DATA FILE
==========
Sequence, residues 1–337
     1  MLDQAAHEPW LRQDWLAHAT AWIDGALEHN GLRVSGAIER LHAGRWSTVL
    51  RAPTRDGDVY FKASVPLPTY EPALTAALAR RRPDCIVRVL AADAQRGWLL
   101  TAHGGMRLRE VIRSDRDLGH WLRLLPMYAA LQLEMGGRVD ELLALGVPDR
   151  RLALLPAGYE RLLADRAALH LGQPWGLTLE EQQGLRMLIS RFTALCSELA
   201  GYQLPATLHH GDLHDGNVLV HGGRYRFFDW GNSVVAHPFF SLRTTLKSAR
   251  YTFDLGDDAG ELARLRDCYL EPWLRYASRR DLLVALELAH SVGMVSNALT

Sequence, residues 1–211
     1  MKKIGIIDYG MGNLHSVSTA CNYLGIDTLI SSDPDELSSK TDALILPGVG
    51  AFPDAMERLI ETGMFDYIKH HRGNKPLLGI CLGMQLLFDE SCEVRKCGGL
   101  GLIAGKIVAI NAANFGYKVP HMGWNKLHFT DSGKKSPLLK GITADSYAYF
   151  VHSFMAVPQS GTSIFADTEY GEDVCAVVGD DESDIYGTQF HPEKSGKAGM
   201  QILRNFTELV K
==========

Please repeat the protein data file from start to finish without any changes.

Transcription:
Sequence, residues 1–337
     1  MLDQAAHEPW LRQDWLAHAT AWIDGALEHN GLRVSGAIER LHAGRWSTVL
    51  RAPTRDGDVY FKASVPLPTY EPALTAALAR RRPDCIVRVL AADAQRGWLL
   101  TAHGGMRLRE VIRSDRDLGH WLRLLPMYAA LQLEMGGRVD ELLALGVPDR
   151  RLALLPAGYE RLLADRAALH LGQPWGLTLE EQQGLRMLIS RFTALCSELA
   201  GYQLPATLHH GDLHDGNVLV HGGRYRFFDW GNSVVAHPFF SLRTTLKSAR
   251  YTFDLGDDAG ELARLRDCYL EPWLRYASRR DLLVALELAH SVGMVSNALT

Sequence, residues 1–211
     1  MKKIGIIDYG MGNLHSVSTA CNYLGIDTLI SSDPDELSSK TDALILPGVG
    51  AFPDAMERLI ETGMFDYIKH HRGNKPLLGI CLGMQLLFDE SCEVRKCGGL
   101  GLIAGKIVAI NAANFGYKVP HMGWNKLHFT DSGKKSPLLK GITADSYAYF
   151  VHSFMAVPQS GTSIFADTEY GEDVCAVVGD DESDIYGTQF HPEKSGKAGM
   201  QILRNFTELV K